The Differences Between API and ESB Patterns
As enterprises embark on their digital journeys, APIs are often used to connect the fast pace of digital innovation with the more stable system of records. This is in contrast with ESBs, which are used to integrate various systems of record, for stable, well-understood business processes.
There are two stark differences between the world of APIs and the world of ESBs:
- APIs are consumption-centric, whereas services exposed through ESBs are exposure/reuse focused.
- The logic for “orchestration” is not a significant driver for the API layer—apps are perfectly capable of calling service1, service2 and then service3, depending on the digital experience they need to deliver. Of course, some amount of orchestration might be present in the API layer, but it is not expected to be the dominant pattern.
You might ask, Anant and Arvind, all of this sounds great, but the proof of the pudding is in its eating, right? You did not think we didn’t have proof, did you?
Consumption patterns in APIs
We analyzed, for the top 450 APIs (based on call volume) of customers, the “structure of the APIs,” and their “orchestration/chaining patterns.”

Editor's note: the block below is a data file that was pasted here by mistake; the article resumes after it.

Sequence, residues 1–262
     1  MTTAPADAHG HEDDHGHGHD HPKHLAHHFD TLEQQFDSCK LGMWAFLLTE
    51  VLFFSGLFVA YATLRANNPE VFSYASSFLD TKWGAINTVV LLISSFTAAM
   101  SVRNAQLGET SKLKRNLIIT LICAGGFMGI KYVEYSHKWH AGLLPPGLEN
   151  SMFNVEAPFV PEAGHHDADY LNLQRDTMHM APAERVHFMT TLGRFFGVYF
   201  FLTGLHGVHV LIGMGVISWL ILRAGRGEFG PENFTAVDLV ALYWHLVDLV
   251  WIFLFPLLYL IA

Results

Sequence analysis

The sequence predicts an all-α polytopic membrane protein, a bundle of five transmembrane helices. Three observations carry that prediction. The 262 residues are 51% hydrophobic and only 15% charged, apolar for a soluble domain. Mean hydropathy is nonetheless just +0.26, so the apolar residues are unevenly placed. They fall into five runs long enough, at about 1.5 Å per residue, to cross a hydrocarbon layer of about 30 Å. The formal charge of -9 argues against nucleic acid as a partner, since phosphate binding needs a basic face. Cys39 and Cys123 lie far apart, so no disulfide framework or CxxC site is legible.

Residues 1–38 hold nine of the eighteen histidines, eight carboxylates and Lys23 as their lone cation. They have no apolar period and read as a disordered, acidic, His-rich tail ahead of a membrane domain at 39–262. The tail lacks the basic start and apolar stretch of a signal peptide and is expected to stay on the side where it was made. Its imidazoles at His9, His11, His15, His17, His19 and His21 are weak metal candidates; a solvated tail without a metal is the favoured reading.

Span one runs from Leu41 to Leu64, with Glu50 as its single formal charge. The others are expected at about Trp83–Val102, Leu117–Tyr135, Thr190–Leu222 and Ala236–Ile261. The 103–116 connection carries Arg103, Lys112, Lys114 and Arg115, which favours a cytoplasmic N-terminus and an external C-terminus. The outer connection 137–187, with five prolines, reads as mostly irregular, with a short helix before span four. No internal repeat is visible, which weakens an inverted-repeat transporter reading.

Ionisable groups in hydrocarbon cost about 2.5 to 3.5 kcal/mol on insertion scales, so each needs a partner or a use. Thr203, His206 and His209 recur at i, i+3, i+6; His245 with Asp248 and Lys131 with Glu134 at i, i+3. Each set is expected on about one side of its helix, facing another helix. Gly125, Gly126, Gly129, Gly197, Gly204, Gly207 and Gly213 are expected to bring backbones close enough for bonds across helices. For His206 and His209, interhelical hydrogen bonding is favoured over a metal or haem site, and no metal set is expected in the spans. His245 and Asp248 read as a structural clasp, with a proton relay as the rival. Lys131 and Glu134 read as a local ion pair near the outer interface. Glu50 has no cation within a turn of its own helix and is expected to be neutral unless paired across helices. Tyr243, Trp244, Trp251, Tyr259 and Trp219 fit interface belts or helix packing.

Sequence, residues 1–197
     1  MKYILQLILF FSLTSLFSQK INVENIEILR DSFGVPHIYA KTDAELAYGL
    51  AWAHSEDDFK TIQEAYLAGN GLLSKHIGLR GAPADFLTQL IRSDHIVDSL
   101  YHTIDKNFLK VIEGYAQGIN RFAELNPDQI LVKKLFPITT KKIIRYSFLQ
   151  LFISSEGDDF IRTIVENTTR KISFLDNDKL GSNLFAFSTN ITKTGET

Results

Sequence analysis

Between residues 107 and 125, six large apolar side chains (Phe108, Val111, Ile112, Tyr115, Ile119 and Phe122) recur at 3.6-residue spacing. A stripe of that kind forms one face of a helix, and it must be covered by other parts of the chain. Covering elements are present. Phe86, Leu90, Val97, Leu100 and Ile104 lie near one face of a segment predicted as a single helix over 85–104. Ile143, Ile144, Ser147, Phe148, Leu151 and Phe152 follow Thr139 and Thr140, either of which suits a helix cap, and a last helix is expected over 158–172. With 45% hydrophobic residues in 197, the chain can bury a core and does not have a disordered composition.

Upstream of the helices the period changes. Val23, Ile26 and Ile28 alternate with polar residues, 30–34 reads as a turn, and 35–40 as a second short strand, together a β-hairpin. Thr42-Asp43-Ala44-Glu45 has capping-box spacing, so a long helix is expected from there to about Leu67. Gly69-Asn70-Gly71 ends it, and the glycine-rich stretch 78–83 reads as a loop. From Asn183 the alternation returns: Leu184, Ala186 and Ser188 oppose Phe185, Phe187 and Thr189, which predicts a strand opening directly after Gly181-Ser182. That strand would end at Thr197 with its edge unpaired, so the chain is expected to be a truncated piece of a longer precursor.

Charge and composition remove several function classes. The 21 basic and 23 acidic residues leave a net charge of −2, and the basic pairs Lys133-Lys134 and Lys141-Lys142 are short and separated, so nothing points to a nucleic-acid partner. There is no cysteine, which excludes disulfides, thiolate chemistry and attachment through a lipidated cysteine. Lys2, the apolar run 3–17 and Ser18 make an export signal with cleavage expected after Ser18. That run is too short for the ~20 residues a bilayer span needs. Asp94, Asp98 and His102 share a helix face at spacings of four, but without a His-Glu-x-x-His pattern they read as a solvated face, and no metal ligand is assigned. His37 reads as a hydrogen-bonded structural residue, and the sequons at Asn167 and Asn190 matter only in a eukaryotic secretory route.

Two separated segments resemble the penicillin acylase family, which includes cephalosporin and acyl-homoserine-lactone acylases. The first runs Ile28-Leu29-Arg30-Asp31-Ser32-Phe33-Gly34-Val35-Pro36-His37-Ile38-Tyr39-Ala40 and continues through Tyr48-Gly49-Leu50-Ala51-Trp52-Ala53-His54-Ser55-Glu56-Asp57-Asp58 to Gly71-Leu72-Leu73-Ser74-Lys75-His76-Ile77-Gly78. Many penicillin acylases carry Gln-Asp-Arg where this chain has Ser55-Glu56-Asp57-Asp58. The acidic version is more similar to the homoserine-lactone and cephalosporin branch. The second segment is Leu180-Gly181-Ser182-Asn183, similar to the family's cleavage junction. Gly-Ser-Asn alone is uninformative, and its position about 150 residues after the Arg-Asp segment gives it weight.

Within Apigee Edge, an API can be configured to have policies that affect something in the APIs—sometimes to benefit the backend, and sometimes to enable developers to use them better. We classify the former as “exposure-centric”, and the latter as “consumption-centric.”
API policy-based call pattern
We classified the over 30 different types of policies that our customers use into four broad categories, and, within them, whether they represent exposure or consumption concerns (the same broad category can have both exposure and consumption policies). As you can see from the figure below, a far larger set of policies affect consumption concerns.
Once again, if you are not thinking consumption, you are not thinking about APIs right!
API proxy features distribution
Lack of chaining patterns in APIs
We also looked across more than 9,000 production-deployed APIs to discern whether they call other APIs, or whether they call target systems directly.
As you can see in the diagram below, chaining is not a common pattern. We do find a few “experience APIs,” and some “orchestration” examples, but they are reasonably rare.
Once again, if you are thinking heavy orchestration, you are thinking ESBs, not APIs.
API call patterns
Apigee has all the capabilities for exposure and API chaining, of course, and it is often used for microservices and chaining calling patterns, but the current dominant patterns are consumption and light orchestration. When the goal is speed of implementation, the Apigee platform, with support for Java, Node.js, and Python, is perfectly suitable for orchestrating services and mashing up content. The Apigee platform provides customers the ability to get into production quickly and to migrate if and when it makes sense to do so.
Special thanks to our head of product strategy Ed Anuff for helping us think through this topic.
For more on the differences between API patterns and ESB patterns, download the eBook "Beyond ESB Architecture with APIs."